On one recent occasion, I was handed the keys to the new MG ZS small SUV so that it could make way for another car heading for a photo shoot. I looked at it suspiciously, maybe even made a joke about being forced to move a Chinese car that looked like something between a Mazda CX-5 and a Kia Sportage, but then I got in.
There’s no denying that there is a general preconceived dislike of Chinese cars in the automotive media. Most of this has been warranted due to previous safety issues and build quality, but as I was about to find out, much of that has changed.
It’s vital to understand that this is simply history repeating itself, as it was the same attitude many took towards the South Korean brands a decade or more ago (and some still hold that view today). Except that the Chinese are likely going to do what the South Koreans did in half the time.
One only needs to look at what Volvo has produced since being bought by the Chinese to understand that fact. This same thinking applies to Jaguar Land Rover since it was taken over by India’s Tata. It’s what happens when Chinese money meets established brands – it not only substantially improves those brands, but also advances China’s ability to catch up to its foreign rivals by decades.
Unlike the South Koreans, which went on a hiring spree for the best German engineers and European designers, the Chinese took it a step further and decided just to buy up company after company, from Volvo to Lotus, MG and London Taxis, and plenty of others in the automotive technology segment, whether that’s for electric cars or autonomous driving.
Back to the MG ZS, here’s the deal – the top-spec ZS that came to our office is priced at just $23,990, and when you get inside it doesn’t feel like a $24K car. It has leather upholstery, proper infotainment system with Apple CarPlay, plenty of space and – generally speaking – feels almost on the same level of build quality as, say, the CX-3 that it competes with.
There are no glaring build-quality issues that would make you go “oh, I am not sure about that”. It feels bloody solid, which is further backed up by the brand’s seven-year warranty (against Mazda’s three).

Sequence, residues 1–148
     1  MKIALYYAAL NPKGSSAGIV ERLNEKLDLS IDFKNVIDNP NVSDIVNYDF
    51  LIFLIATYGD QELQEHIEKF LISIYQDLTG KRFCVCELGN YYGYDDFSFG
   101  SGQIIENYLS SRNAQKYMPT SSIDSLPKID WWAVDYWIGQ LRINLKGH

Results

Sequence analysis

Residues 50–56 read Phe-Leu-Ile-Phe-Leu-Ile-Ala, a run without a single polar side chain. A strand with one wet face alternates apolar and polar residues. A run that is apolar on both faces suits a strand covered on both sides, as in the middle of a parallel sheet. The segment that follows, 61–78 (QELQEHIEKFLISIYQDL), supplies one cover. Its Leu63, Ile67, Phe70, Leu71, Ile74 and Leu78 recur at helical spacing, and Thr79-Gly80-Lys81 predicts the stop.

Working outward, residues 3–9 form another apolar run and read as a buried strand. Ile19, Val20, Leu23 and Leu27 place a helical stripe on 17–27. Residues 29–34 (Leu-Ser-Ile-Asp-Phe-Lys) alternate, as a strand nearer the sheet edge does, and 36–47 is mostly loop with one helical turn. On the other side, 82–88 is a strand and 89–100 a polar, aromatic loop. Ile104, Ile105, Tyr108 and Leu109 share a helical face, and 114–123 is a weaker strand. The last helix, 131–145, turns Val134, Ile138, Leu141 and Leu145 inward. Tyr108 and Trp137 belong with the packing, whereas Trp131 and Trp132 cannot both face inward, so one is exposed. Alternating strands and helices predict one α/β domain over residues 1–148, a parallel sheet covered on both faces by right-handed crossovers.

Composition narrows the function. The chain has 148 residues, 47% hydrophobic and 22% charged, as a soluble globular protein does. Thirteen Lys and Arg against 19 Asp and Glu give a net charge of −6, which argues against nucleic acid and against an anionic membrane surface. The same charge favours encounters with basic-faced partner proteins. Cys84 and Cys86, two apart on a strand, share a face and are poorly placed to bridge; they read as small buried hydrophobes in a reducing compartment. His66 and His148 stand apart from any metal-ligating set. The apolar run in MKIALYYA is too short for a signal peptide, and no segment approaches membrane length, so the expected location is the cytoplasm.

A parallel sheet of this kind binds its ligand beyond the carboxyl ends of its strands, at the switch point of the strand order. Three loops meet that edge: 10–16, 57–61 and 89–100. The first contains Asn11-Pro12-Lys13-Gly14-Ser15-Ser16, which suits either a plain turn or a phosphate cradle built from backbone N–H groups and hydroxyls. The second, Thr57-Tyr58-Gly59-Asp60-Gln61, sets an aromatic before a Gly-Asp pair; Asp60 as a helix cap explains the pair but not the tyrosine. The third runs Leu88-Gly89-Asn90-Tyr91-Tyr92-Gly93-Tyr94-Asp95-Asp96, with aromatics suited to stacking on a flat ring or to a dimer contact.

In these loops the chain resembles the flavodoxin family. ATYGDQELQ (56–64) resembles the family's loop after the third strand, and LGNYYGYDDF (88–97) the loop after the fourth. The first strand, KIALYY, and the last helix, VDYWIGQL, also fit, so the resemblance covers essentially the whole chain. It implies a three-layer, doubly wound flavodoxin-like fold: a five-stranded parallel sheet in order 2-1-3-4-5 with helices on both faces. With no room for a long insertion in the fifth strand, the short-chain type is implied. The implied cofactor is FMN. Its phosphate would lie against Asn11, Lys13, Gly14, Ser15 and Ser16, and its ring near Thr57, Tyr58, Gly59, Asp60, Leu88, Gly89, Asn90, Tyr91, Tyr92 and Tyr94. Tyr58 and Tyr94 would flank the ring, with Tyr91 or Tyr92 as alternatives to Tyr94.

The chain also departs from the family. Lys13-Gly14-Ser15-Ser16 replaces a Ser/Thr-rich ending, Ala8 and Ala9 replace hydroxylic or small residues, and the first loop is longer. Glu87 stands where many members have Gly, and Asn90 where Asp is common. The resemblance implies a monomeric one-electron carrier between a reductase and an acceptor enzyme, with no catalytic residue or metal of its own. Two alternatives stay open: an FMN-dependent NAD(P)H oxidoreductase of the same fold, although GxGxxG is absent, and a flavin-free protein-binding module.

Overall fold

So at this point, the guys in the office were yelling at me to stop feeling up the MG’s interior and actually reverse out of the garage, but instead of doing the normal around-the-block run and park back in, I took the Chinese SUV for a proper drive and it only impressed further.
Okay, so the 81kW/160Nm 1.0-litre turbo petrol isn’t exactly a powerhouse mated to the six-speed auto, but around Sydney’s traffic-congested suburbs and a quick burst on the highway, it certainly proved to be more than adequate.
Then there is the ride quality, which for its intended purpose is far better suited to Australian roads than some of the Japanese offerings I’ve recently sampled. Did I mention it's $24,000 and comes with everything?
The glaring issue, and perhaps the only reason why it still can’t be at the top of our recommendation list, is the four-star ANCAP safety rating thanks to a lack of AEB and a less-than-perfect score for the frontal offset test. Although, it’s worth mentioning that the brand did manage five stars with the larger GS SUV early last year.
The point here isn’t to defend the MG ZS. It is that considering where MG was three to five years ago, to where it is now, only shows you where MG will be in another five to 10 years – and that’s more than likely on the same footing as the Koreans and Japanese.
It's companies like Mazda in Australia (and globally) that should be most worried about the entry and rise of the Chinese manufacturers. Because as the likes of Hyundai and Honda take market share away from Mazda at the slightly higher end of the mainstream market, the Chinese will be pushing from the bottom up. And with their seemingly unlimited funding capacity, they will out-invest and outmanoeuvre smaller companies like Mazda that will be unable to keep up in the long term.
Of course, it’s not just MG. Haval, Great Wall, LDV and other Chinese manufacturers have also produced some interesting and massively improved cars in recent times and continue to progress at a rapid rate.
Also, and perhaps a vital point to consider, the evolution to electric vehicles makes it much easier for new manufacturers to enter the market, because ultimately it’s easier to make an electric car than it is a conventional vehicle. Also, the Chinese government is investing heavily into an electric future to benefit not only its attempts at reducing air pollution, but also to give its national companies an advantage.
Call me crazy, but there is no doubt in my mind that the Chinese automotive manufacturers and Chinese-made cars (for non-Chinese brands) are set to dominate the future of the automobile. It might take another five or 10 years, or perhaps even longer, but they are coming and they are taking no prisoners.